There are numerous idioms about being present in life, that the secret to success, to happiness, to lifelong bliss is to just show up. There is wisdom is this, I suppose, because we can certainly …
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There are numerous idioms about being present in life, that the secret to success, to happiness, to lifelong bliss is to just show up. There is wisdom is this, I suppose, because we can certainly snooze our way through the years. But that what we really need to aim for is stepping up and ringing in.
I’m taking this lesson from Jeopardy, of course.
I missed my chance to be on Jeopardy again this month, though. Between work and writing commitments, I wasn’t able to take the online test. In a bit of optimism, I did register, but when the online test was available, I just couldn’t make it. I never even found time for the practice test.
Mind you, I’m not saying, even if I somehow squeaked by with an acceptable score on the test, that I would ever advance in the process. Of the people who do score well enough, only those selected in a random lottery – which would take about a year – are ever contacted. From these, even fewer are invited to audition, which still doesn’t mean you get on the show, after about another year.
Of course, it does happen, and Colorado and the Denver metro area have been well represented recently. A friend of mine also competed a year or so ago, and she was well positioned going into the final round. Although she didn’t win that day, she was pretty darn impressive and I am pretty darn proud of her.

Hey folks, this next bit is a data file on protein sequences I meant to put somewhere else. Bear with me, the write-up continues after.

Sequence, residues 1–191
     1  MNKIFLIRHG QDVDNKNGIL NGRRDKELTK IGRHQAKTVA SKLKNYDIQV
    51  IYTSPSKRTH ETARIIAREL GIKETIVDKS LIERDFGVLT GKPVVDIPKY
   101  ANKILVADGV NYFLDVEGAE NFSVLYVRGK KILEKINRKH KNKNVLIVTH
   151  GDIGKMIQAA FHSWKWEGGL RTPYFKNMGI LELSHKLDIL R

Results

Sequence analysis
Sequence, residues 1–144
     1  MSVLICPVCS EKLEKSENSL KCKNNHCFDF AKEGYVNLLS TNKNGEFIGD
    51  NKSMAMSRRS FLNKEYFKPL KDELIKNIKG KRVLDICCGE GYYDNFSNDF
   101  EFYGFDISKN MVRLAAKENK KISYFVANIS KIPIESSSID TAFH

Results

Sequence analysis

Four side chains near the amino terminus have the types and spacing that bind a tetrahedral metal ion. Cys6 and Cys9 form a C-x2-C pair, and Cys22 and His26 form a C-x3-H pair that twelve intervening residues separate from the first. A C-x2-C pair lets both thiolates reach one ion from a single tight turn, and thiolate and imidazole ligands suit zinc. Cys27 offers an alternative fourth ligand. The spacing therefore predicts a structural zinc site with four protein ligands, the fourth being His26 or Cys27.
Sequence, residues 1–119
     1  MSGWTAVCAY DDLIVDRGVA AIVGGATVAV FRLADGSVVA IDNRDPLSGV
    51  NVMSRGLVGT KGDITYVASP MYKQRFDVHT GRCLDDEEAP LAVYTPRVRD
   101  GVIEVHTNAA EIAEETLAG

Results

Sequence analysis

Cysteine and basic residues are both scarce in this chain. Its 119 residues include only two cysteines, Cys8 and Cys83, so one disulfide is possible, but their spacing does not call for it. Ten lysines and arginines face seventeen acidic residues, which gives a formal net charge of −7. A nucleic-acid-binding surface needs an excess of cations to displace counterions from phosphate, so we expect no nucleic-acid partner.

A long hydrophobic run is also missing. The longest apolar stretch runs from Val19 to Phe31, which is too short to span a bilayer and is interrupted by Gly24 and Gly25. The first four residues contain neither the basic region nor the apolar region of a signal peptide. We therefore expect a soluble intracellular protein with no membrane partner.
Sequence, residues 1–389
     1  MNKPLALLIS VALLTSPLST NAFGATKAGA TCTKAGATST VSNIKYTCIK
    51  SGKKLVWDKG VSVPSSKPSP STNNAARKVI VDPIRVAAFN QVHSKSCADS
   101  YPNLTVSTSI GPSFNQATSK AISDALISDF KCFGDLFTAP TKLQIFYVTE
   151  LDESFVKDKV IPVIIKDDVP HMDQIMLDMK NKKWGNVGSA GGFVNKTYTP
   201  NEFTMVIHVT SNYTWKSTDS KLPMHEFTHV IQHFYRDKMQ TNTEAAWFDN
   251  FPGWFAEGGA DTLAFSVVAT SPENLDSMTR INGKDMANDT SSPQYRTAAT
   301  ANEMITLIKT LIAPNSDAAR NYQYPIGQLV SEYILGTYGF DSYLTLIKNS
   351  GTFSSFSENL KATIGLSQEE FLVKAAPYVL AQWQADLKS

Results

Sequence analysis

Many of us have probably – many times, probably – thought, “Hey, maybe I could do that,” whether it’s conquering a tricky face on a rock climb, or placing those last stitches in an intricate quilt pattern, or achieving a diploma or an assignment or an accomplishment of any kind that at one time had seemed just out of reach.
That’s sort of how I feel about Jeopardy. Yes, I can shout out answers in my living room with the best of ’em (not in question format, however), likely because I can read the clues really fast and – this is key – I don’t have to beat anybody to the buzzer. In other words, I don’t have to ring in.
In the actual on-the-set TV game, knowledge (deep and wide and specific knowledge) is only one part of three needed to succeed. To me, wagering and ringing in are as important as the right answers.
Strategic maneuvering is also a part of wagering, and has been on exquisite display in the last week or so. James – who has all that knowledge I mentioned, and more – is still on the show as of this writing, and is the largest single-day dollar-value winner in Jeopardy history.
James starts at the bottom of the categories with the most difficult and most valuable clues so that if he finds the Daily Double, which he often does, he has a lot of money to wager, which he also often does.
All his strategy and all of his knowledge, however, are for naught if he isn’t able to ring in.
I absolutely and completely believe in showing up and being present in life. Now, though, I’m adding an additional goal (no, not being on Jeopardy, although that would be so cool). I’m going to step up and ring in.
Andrea Doray is a writer who would love to play in trivia games and quiz bowls. Contact her at email@example.com if you would like her to try out for your team.
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